There are many more choices for a beginner today than there were back then. I have purchased both new, imported machines and used, US made ones. I would personally recommend the used, US made ones, but that is not a necessity. A small to moderate sized lathe or mill/drill would be the best start IMHO. Think about some simple projects that you may want to start with and then decide on your first machine in terms of those projects. The internet and You Tube can be a big help there. Look for simple projects that can be made on one machine; lathe or mill and go from there. In other words, do what interests you and start slow.

    Another thought in today's world would be to get a 3D printer and have some fun making some plastic projects. I purchased one a few months ago and it is great. I love it.

    In spite of the above, I must confess that the two machines that I use the most in my metal work are a metal cutting saw (I have a 4x6 horizontal/vertical band saw) and a drill press (I have two). You really want to keep them in mind as early purchases. And a bench vise is an often forgotten necessity: it's really not a shop without one. I have done a lot of metal work with nothing but a bench vise, hack saw, file, and small bench top drill press.

    And don't obsess over the decision for the first machine; you will be selecting your second one fast enough. In summary, choose one or more starter projects and get what you need for them.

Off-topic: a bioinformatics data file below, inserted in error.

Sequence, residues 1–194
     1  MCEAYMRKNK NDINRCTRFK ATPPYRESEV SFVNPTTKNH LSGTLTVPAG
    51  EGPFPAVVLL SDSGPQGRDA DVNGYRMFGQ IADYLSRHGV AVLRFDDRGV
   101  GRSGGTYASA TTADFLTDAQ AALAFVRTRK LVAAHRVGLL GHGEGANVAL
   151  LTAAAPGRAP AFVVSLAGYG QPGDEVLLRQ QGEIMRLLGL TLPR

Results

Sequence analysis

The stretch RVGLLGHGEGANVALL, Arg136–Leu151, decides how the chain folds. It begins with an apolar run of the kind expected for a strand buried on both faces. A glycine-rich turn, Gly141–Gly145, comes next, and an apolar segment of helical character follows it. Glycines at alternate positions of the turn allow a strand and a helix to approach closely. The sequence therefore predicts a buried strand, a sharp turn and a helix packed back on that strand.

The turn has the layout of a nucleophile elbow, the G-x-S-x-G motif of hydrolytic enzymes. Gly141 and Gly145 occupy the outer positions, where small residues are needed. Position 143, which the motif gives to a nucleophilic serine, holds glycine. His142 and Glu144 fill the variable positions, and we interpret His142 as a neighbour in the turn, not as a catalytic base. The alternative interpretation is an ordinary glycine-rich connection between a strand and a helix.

Paul A.

    Make it fit.
    You can't win and there is a penalty for trying!

  9. #9
    Join Date
    Mar 2005
    Location
    Toronto
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    10,412

    Default

    Start with a book. Some will say can't learn machining just from a book, there's truth to that but you will be so much better off with a broad understanding and knowledge the first time you turn a machine on. Books are cheap (comparatively) and its rare to lose a body part reading a book.

    Also, consider subscribing to our benefactors magazines.

    From that you'll get a sense of what sorts of machines you want and what you are inspired to make.

    Start with simple small projects and remember to have fun.
    Last edited by Mcgyver; 10-19-2018 at 06:23 PM.
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  10. #10
    Join Date
    Nov 2010
    Location
    Portland Oregon
    Posts
    712

    Default

    Hey Captain4W,

    I did as suggested above, and went to the local Community College. The exposure was great and it let me see and use the equipment first hand.

    My hobby has been BMC's like the Morris Minor and the MGTD. I found a good drill press and tried milling on it, and it was a complete failure. I then started looking for a lathe as this seemed like the first machine I would use and it is quite a versatile machine, you can even get a milling attachment with limited success when used.

    I had a coworker whose brother died unexpectedly, he was a machinist by trade. His Hobby was blacksmithing but he had a milling machine and a metal lathe, which I purchased as a package deal. I've used the lathe extensively, but the mill would not work for the shop location and my use, so I have sold it. I'm now looking it a bench mill for the size and the type of work I plan to do.

    So the comment that I want to make is, DO try and figure out the things that interest you and shop from that perspective. I have no regret in selling the mill and I will get the benchtop to meet my needs.

    As mentioned before do some reading here and the public library to educate yourself on your purchasing decision. Do ask questions here, no matter how simple, or what you might think is dumb, we will answer them. Some of us come off gruff, from time to time, but pay no attention to that, as they have a wealth of knowledge under that tough outer shell.

    Welcome, and keep us posted on your progress.

    TX
    Mr fixit for the family
    Chris